The US Department of Energy wants to sell about 4.2 million barrels of crude from the SPR because the salt cavern where the oil is being stored could start leaking. The SPR currently holds 726.5 million barrels of oil, almost 100% of its capacity of 727 million barrels. In 2005, the Bush administration agreed to increase the SPR to 1 billion barrels, but so far no action has been taken to boost the reserve’s capacity. That’s probably because the price of crude is so high and the supply is so tight. If the US were to add 250 million barrels or so of crude to the SPR at $100/barrel, that would cost taxpayers $25 billion.
Add to that the cost of preparing additional storage facilities. In December 2006, the Department of Energy completed an environmental impact statement for expanding the SPR and proposed developing one new SPR site, expanding storage at two or three existing sites, and to fill the reserve to its authorized 1 billion barrel level. The Energy Department noted that building underground storage in salt caverns cost about a tenth the amount of building above ground storage tanks, and was more secure than above-ground tanks. Congress has authorized the purchase of a 10-million barrel cavern to replace the potential leaker for $33.5 million. That works out to $3.35 million for each million barrels. Multiply by 250, and the cost to add 250 million barrels to the SPR comes to more than $800 million, just for the storage facilities.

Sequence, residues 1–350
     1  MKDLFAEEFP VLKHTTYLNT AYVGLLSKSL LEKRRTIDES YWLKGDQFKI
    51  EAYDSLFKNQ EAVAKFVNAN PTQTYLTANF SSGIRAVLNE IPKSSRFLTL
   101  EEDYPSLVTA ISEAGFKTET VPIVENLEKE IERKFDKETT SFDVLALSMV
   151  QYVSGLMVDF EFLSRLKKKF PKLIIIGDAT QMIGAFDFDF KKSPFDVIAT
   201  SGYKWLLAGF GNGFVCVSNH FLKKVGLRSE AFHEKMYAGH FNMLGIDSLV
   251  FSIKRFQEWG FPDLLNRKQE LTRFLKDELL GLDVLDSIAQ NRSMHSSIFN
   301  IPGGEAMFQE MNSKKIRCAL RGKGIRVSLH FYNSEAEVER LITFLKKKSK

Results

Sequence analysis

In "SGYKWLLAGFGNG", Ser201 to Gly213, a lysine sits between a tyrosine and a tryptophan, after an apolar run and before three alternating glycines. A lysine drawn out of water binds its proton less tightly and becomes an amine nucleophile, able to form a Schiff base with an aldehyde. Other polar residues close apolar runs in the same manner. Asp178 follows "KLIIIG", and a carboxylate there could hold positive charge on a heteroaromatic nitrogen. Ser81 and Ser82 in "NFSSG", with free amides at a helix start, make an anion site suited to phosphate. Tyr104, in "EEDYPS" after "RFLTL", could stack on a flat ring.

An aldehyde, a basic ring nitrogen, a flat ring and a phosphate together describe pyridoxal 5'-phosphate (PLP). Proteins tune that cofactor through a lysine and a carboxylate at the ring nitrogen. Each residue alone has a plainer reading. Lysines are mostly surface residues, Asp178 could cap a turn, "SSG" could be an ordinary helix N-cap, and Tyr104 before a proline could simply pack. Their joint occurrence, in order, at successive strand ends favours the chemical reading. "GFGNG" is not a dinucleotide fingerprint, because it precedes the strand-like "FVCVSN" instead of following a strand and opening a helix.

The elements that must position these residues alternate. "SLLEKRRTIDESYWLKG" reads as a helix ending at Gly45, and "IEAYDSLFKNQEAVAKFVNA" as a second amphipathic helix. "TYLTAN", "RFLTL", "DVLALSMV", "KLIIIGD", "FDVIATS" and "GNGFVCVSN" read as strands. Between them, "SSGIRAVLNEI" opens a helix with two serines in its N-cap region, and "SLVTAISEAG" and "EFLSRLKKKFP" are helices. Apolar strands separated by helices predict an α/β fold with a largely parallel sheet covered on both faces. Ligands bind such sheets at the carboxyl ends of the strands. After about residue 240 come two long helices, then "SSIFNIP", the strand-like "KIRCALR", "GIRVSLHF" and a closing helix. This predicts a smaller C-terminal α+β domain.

Here’s another way to look at the cost of strategic storage. The US has already spent $5 billion on SPR facilities for the 727 million barrels, so it’s not far-fetched to think that adding another 250 million barrels would cost about a third as much, or more than $1.5 billion. However you compute it, it won’t be cheap.
Other nations, particularly China, are also building strategic reserves of crude. The Chinese want to get 500 million barrels into storage by 2020. India is building a reserve of about 40 million barrels by the end of 2012. Oil prices above $100/barrel might give India pause, but the Chinese can certainly afford to pay that — and more. That’s the rub.
If both the US and China continue to build their strategic reserves, the price of crude will stay high and likely go higher. The average cost of a barrel in the existing US SPR is about $23.40. Those were the days.